BECC was formed in 2010 with a vision to create a world-leading interdisciplinary research programme on the links between climate, ecosystem services and biological diversity. Three years later, project leader Håkan Pleijel feels they are almost there.
In 2009, the Swedish Government made funding available for a number of so-called strategic research areas, and announced a call for applications. The University of Gothenburg and Lund University joined forces and turned in an application for their brainchild BECC (Biodiversity and Ecosystem Services in a Changing Climate). Somebody must have liked the idea, because they were granted funding for five years.
‘We talked to Lund about it, and we both agreed that a joint application would be mutually beneficial,’ says Håkan Pleijel, professor at the Department of Biological and Environmental Sciences and coordinator of BECC’s research in Gothenburg. ‘Lund has extensive experience within for example modelling, and we in Gothenburg are good at empirical studies on plants and emissions from the ground.’
The University of Gothenburg is represented not only by the Faculty of Science, but also by the Environmental Economics Unit from the School of Business, Economics and Law. These two players make a great team, says Pleijel.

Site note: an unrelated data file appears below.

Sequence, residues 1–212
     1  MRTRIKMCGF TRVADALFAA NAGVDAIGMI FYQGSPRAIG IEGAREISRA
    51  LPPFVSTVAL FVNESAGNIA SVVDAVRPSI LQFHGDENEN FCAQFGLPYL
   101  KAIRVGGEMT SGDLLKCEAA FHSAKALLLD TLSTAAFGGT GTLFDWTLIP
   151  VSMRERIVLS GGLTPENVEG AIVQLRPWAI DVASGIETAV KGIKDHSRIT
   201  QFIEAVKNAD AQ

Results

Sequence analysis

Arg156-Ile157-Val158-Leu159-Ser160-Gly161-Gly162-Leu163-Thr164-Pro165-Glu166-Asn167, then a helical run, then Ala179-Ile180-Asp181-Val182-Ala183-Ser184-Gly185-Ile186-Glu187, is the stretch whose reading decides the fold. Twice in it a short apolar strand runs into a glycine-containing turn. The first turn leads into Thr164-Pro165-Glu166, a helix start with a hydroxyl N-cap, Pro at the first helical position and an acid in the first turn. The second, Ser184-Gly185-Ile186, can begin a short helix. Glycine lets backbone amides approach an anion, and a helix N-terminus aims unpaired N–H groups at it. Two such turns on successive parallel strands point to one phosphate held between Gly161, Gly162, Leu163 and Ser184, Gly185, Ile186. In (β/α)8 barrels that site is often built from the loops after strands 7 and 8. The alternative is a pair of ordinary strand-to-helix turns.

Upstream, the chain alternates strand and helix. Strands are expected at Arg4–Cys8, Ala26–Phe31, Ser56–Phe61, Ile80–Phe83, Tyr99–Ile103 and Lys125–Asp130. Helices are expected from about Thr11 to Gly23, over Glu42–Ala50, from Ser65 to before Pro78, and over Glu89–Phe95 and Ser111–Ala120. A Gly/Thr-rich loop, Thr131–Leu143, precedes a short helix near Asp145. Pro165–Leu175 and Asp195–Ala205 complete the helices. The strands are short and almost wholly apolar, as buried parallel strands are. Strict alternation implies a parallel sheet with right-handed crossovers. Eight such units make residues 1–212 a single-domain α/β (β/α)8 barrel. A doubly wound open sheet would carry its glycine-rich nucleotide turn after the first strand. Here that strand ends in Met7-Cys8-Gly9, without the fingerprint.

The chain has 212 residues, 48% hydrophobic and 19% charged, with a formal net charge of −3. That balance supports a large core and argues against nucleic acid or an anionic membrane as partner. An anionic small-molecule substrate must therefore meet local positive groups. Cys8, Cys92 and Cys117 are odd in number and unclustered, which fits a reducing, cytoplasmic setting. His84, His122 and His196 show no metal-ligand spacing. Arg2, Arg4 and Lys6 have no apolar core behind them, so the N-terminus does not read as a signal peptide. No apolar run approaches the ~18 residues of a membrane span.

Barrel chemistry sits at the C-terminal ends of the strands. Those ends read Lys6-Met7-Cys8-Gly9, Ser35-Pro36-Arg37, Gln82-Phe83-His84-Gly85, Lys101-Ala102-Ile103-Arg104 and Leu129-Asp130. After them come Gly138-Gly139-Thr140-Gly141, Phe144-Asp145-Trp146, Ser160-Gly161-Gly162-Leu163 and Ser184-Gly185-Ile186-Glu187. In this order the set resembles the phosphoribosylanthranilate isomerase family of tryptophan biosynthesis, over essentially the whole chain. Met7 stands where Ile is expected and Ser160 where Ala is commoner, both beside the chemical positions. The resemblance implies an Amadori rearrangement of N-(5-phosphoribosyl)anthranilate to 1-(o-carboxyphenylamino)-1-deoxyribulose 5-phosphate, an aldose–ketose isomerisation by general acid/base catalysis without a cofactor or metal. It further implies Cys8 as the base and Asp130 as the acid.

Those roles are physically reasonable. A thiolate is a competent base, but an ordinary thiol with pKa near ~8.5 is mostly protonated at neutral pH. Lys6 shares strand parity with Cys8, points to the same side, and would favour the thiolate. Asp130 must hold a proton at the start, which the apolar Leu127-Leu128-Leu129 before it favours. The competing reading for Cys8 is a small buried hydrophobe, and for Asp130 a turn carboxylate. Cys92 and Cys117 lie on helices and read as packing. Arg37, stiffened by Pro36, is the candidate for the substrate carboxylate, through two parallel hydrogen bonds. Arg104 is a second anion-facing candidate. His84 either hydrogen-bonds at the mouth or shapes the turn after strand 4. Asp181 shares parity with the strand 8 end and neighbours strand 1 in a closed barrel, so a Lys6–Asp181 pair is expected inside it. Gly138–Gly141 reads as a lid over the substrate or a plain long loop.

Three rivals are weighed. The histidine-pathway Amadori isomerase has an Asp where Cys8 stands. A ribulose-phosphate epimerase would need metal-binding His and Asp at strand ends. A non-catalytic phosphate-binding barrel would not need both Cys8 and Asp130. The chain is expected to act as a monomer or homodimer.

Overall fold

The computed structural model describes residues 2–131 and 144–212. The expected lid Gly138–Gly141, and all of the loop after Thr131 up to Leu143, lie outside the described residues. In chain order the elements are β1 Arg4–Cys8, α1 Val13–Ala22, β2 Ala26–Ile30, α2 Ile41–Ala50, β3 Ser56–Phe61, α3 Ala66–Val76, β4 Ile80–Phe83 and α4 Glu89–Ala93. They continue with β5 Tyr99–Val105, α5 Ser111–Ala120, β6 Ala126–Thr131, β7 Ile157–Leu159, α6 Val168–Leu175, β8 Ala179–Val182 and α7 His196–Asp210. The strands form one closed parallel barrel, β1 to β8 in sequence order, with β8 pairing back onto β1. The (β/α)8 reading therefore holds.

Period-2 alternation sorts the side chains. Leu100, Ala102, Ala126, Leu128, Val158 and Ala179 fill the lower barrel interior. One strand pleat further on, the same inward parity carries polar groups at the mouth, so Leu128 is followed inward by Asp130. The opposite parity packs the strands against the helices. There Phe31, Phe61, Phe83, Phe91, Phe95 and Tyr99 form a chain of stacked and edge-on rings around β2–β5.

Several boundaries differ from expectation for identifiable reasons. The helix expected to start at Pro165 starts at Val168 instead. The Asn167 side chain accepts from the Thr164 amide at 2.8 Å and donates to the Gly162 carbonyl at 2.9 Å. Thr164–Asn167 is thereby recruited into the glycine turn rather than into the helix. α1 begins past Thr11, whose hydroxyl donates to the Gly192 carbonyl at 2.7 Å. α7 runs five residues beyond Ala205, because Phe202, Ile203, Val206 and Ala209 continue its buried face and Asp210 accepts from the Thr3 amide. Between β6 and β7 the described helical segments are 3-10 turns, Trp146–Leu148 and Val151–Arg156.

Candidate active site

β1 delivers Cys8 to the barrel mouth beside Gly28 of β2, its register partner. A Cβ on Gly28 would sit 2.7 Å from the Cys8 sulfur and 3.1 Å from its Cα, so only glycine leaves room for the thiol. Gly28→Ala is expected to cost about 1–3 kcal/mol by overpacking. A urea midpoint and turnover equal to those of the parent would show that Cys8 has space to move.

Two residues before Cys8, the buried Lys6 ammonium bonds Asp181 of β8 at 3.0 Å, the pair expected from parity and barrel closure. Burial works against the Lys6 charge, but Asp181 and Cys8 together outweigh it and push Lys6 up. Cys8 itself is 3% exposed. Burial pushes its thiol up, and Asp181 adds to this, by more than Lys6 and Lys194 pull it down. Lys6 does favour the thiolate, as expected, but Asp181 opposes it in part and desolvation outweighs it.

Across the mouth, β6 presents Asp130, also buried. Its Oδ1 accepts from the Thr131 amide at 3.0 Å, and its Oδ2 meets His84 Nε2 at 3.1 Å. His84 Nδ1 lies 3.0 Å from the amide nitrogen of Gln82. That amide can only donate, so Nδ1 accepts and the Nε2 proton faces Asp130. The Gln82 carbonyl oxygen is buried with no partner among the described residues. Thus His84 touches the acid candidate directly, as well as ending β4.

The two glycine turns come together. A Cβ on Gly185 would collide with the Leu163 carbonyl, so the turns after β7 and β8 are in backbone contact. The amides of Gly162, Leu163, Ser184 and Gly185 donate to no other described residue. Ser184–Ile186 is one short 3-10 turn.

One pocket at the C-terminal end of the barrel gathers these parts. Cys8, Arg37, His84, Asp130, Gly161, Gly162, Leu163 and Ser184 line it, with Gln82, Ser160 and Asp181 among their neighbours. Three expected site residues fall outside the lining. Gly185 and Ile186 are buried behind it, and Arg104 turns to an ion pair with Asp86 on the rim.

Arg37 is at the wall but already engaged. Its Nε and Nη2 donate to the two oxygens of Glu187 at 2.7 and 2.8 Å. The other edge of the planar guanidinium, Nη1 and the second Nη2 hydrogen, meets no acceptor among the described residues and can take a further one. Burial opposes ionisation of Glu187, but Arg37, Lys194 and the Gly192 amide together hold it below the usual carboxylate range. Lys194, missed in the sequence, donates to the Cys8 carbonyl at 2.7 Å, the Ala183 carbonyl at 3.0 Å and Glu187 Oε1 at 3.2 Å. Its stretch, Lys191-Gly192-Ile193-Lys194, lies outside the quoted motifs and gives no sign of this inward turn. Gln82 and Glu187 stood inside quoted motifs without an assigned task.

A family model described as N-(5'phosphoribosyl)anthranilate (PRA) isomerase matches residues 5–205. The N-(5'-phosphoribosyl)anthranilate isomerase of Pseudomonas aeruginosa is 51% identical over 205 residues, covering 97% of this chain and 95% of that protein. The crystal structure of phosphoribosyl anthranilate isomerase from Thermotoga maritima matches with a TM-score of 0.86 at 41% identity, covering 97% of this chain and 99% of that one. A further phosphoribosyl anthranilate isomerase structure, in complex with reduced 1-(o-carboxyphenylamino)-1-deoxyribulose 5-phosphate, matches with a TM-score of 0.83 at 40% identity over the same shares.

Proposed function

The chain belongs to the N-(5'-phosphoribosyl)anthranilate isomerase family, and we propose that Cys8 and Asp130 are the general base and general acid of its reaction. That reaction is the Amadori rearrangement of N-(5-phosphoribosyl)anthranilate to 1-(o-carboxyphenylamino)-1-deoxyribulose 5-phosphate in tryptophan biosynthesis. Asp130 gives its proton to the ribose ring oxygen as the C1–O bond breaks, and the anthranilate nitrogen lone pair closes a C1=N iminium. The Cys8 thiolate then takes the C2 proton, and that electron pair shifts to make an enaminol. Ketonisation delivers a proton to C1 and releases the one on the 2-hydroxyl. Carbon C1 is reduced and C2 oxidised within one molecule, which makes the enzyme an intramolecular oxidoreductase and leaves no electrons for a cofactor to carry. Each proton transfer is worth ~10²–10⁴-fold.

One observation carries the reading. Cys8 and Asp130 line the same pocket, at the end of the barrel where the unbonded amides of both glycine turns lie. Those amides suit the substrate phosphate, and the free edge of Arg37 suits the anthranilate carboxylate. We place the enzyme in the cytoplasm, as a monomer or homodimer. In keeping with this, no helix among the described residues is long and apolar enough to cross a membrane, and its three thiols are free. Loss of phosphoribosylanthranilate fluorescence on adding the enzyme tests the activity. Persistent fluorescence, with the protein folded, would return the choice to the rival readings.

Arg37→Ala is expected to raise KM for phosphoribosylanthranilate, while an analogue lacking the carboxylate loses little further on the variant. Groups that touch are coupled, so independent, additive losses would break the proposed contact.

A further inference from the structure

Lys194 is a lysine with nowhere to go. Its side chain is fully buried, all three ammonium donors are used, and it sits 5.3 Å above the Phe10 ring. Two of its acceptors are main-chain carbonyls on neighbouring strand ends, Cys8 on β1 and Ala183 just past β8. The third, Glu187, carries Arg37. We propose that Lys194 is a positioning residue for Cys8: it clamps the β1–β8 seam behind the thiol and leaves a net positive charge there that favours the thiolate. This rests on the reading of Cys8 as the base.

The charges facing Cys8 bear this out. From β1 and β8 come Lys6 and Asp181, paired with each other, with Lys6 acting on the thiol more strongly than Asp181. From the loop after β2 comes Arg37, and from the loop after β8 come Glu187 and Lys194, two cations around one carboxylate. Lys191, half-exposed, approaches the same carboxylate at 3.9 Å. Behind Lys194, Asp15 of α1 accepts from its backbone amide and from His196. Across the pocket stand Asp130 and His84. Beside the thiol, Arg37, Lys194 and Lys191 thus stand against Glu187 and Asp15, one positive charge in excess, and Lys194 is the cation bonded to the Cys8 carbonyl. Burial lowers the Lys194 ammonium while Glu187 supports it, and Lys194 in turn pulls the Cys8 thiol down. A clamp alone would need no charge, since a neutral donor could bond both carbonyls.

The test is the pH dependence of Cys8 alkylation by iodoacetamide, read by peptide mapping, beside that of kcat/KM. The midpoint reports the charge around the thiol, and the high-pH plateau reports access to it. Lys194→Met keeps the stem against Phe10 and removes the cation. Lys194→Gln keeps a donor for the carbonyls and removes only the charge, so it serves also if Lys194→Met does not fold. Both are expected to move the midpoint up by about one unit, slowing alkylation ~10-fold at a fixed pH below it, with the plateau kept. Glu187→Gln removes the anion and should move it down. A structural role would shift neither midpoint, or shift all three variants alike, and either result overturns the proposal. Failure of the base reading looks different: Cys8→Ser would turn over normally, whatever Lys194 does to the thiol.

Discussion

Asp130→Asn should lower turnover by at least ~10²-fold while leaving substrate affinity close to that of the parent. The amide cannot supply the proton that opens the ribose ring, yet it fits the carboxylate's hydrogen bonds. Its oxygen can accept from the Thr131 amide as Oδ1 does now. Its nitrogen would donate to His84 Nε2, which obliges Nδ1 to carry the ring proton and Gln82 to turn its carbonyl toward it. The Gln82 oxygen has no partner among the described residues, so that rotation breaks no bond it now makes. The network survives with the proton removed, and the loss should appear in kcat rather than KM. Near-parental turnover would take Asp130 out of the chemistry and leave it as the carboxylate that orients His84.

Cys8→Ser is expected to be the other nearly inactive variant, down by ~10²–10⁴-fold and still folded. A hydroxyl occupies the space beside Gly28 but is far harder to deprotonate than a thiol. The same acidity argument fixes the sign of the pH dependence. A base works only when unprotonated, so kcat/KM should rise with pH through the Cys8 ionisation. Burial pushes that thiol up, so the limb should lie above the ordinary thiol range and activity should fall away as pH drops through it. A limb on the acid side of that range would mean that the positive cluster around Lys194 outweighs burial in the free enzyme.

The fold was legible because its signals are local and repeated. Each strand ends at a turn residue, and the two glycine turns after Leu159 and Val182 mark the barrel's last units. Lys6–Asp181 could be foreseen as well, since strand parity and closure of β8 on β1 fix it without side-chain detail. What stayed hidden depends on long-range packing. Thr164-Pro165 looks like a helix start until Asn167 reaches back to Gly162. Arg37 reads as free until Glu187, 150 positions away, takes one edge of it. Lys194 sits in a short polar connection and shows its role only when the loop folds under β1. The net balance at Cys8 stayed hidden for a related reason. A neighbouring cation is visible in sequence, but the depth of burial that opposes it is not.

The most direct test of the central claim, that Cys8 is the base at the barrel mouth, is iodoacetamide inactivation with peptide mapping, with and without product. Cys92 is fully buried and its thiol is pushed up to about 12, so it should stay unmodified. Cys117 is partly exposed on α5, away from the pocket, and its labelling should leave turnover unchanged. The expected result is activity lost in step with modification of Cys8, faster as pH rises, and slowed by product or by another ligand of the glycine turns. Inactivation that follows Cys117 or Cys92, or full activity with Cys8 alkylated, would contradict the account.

THE CONCEPT OF ECOSYSTEM SERVICES, introduced by the UN in 2005, refers to the benefits that humankind can derive from nature. Pleijel says that the dependence of fruit trees on bumblebees for pollination is an example of an ecosystem service that may be affected by changes in the environment and the climate.
‘But the notion of ecosystem services has been criticised for being too human-centred, for only focusing on human benefits.’
One aim of the research is to inform the development of for example Swedish forestry and land use policy.
THE RESEARCH GRANTS for the first phase of BECC will expire in 2014. Pleijel is very grateful for the five-year funding plan and is hoping for an extension.
‘We’ve been fully funded only since 2012 and are starting to see some great results. The researchers have been very productive and the many exciting new collaborations have resulted in a number of soon-to-be-published articles. Our work is receiving more and more attention, and I’m proud to say that we’re definitely on the right track to achieving our goal.’
BECC stands for Biodiversity and Ecosystem Services in a Changing Climate and is a strategic research area established jointly by the University of Gothenburg and Lund University.